•  Nurture trumps nature? (1+ / 0-)
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              MM...Prove it.

              Gene expression is limited by environmental influences....What you are talking about is changing human attributes through Pavlovian conditioning experience. Genetics affects a great deal of our human condition. Misguided interventions can in fact do more harm than good.

              Educational experience based on non-consensual behaviorism is authoritarian mind control.

              by semioticjim on Sun Jan 13, 2013 at 03:36:31 PM PST

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              •  Of course Nurture trumps Nature. (1+ / 0-)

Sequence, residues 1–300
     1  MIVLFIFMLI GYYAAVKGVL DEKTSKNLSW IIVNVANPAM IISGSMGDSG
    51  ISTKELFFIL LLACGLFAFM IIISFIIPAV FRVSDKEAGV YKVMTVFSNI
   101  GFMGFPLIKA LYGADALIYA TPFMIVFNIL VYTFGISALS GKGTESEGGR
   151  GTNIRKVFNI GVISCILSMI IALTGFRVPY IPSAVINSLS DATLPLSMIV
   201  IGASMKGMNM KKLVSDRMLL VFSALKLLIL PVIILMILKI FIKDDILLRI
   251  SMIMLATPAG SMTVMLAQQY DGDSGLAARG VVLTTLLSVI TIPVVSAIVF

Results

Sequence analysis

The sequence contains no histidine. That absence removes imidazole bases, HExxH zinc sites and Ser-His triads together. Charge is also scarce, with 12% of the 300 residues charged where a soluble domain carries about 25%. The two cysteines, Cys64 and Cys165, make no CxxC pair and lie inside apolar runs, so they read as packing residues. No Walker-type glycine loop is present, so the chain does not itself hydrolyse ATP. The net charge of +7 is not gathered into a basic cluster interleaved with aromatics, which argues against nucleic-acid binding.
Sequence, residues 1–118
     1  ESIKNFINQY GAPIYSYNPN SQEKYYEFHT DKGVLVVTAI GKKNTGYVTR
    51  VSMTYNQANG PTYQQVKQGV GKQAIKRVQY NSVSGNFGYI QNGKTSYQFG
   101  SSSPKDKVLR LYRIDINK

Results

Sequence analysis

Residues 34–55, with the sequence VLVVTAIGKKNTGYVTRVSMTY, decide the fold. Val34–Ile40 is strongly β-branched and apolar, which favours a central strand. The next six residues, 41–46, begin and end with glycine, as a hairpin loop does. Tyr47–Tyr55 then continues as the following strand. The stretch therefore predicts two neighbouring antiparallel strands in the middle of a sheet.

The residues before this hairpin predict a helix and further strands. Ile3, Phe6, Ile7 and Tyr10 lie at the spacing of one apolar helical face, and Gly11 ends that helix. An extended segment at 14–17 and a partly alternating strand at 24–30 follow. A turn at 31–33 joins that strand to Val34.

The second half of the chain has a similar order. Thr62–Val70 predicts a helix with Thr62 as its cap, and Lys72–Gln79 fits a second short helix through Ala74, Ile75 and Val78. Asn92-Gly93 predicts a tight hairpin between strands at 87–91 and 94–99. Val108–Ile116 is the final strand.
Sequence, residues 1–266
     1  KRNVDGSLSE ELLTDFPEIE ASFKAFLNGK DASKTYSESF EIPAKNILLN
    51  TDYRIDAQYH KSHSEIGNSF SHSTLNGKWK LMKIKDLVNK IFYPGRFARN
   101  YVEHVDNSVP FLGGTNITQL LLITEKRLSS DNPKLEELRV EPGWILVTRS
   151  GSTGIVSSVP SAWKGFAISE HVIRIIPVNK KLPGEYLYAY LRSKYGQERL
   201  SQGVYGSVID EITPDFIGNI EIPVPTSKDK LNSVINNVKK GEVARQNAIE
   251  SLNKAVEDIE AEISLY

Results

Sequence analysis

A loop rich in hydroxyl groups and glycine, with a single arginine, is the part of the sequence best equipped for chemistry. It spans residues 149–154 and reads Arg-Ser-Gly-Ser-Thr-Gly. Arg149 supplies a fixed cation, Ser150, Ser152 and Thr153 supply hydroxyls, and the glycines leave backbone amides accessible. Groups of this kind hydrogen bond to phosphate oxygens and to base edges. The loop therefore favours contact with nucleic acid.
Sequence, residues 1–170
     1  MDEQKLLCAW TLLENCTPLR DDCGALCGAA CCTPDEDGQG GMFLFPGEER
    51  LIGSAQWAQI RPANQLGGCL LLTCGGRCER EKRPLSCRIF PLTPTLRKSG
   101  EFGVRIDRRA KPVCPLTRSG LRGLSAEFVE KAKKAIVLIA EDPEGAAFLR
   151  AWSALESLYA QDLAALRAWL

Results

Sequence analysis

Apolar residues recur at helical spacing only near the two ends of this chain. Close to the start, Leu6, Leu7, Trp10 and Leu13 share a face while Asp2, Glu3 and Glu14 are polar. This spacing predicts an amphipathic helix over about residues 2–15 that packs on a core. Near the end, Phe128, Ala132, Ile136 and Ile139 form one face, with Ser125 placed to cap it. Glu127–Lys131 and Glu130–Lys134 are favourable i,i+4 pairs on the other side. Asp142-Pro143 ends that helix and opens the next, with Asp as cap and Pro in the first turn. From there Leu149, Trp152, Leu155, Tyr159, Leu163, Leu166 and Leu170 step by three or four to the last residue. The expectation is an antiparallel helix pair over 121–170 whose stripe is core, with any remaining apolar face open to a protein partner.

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                The US has a high murder rate compared to other rich countries.

                Do you think this is because of our genetics?

                Maybe the geneticists can find instances where tiny, unimportant behaviors are slightly influenced by genetics. But the Big Stuff is all about what your Momma taught you...

                •  Let's not get sloppy here (1+ / 0-)
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                  To say that "nurture trumps nature" is a vague and unscientific expression. Because this subject is important, I think it important that we express ourselves carefully. FarWestGirl made some excellent suggestions regarding this; let's think in terms of "inclination to response" rather than vaguely insinuating terminology.

                •  All behavioural traits (1+ / 0-)
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                  are heritable. As Steve Pinker writes: